Bank on guv’ment!

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The AFR has a nice banking panegyric today timed for the G20:

The big four banks are among the most highly rated financial institutions in the world; superannuation assets, which have grown to $1.7 trillion, represent the world’s third-largest pool of investable assets; the Australian interest rate derivatives market is the world’s fourth-largest and the largest in Asia; and the equity market, with a cap­italisation of $1.5 trillion, is the eighth-largest in the world by free float.

…John Brogden, chief executive of the Financial Services Council, says: “Our fund managers and super funds are globally recognised for their expertise in pioneering infrastructure investment and are world-class managers of equities, cash, property, fixed income and alternative asset classes.”

So why is such expertise not attracting much interest from foreign investors?

Just 1 per cent of Australia’s financial services are exported, according to Industry Super Australia. While 60 per cent of the assets managed in Hong Kong belong to foreign investors, only 5 per cent of Australia’s pool of funds under management is sourced from offshore, the FSC says.

David Murray’s financial system inquiry will be asked to explain this conundrum…

Conundrum…riiiight…

Consider, for a moment, the irony of this article. John Brogden, a failed politician turned finance lobbyist, wants the guv’ment to improve Australian finance exports. He wants a guv’ment inquiry into why the local system is terrestrially bound, headed by an ex-banker who was a key architect of the very system that has proved unable to export, and has been working for guv’ment ever since. Brogden’s mates in guv’ment will deliver said inquiry while his mates in financial media cheer along as our guv’ment meets other guv’ments at a guv’ment talk shop.

Of course Brogden is quite right to turn to guv’ment for support because in reality it is the guv’ment that manages the bank’s risks via various guv’ment guarantees (at least we hope it does!). If a guv’ment is managing a bank’s risk then, you might well ask, what is the bank spending its time doing?

I hate to break it to Mr Brogden but he is the reason Australian financial services can’t export. The system he represents  is a quango; a self-perpetuating public/private partnership specialising in a unique form of crony capitalism that has no competitive advantage beyond its own closed loop.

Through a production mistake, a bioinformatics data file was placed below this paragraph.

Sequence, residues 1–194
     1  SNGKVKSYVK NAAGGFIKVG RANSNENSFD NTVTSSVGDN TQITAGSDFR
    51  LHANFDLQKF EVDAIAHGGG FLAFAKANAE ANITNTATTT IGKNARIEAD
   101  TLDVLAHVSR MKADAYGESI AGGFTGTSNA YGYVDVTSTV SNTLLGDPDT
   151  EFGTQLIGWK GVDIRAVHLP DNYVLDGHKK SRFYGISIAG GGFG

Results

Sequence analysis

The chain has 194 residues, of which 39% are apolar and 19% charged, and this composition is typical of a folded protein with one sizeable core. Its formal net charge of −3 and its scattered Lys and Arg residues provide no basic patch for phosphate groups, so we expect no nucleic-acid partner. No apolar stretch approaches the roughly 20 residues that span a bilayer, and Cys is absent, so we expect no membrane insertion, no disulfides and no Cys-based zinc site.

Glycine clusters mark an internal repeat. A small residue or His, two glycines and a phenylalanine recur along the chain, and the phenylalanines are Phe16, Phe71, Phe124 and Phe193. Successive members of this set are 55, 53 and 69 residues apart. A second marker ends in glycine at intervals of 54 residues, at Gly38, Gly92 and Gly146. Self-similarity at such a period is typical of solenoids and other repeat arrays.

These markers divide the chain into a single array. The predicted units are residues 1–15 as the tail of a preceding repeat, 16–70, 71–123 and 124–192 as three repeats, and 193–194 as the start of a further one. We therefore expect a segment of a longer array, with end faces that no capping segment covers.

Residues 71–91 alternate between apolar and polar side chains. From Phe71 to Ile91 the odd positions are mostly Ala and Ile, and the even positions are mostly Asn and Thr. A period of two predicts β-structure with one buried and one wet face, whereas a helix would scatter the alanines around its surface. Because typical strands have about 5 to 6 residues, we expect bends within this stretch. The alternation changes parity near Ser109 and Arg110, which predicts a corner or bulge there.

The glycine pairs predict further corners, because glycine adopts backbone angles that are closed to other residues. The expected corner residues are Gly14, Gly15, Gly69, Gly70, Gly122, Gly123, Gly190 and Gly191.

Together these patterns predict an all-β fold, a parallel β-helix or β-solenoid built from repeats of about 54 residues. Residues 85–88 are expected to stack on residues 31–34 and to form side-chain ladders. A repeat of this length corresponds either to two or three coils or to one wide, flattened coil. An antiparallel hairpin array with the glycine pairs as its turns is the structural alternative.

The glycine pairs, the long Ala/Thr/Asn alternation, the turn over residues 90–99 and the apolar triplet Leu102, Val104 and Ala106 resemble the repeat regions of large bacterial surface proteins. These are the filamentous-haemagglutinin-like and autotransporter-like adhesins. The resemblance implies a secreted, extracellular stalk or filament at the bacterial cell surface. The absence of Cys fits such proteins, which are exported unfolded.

This is true of banks mired in local property-backed assets whose only real edge is a hot line to the Prime Minister and his pretty Budget. It is true of the wealth management sector and its obsession with local equities, juiced by favourable tax laws.  It’s not quite so true of insurance where we have filled some global niches.  It was a fading truth for a shining moment in investment banking before the “Macquarie model” for infrastructure investment was exposed as…ahem…pro-cyclical.

The system’s semi-occasional wail for wider acknowledgement is the bawling of the over-suckled babe as he compulsively seeks approval in an indifferent wider world.

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Comments

  1. The reason we can’t export financial services is the Australian system is a quango; a self-perpetuating public/private partnership specialising in a unique form of crony capitalism that has no competitive advantage beyond its own closed loop.

    Riiiight! 🙂

  2. The inquiry will recommend Government assistance to expand financial sector exports and the Government will oblige. No doubt tax payers will end up subsidising financial sector spruikfests throughout the world and possibly even extending cheap finance to help our financial services sector expand overseas. Fun times.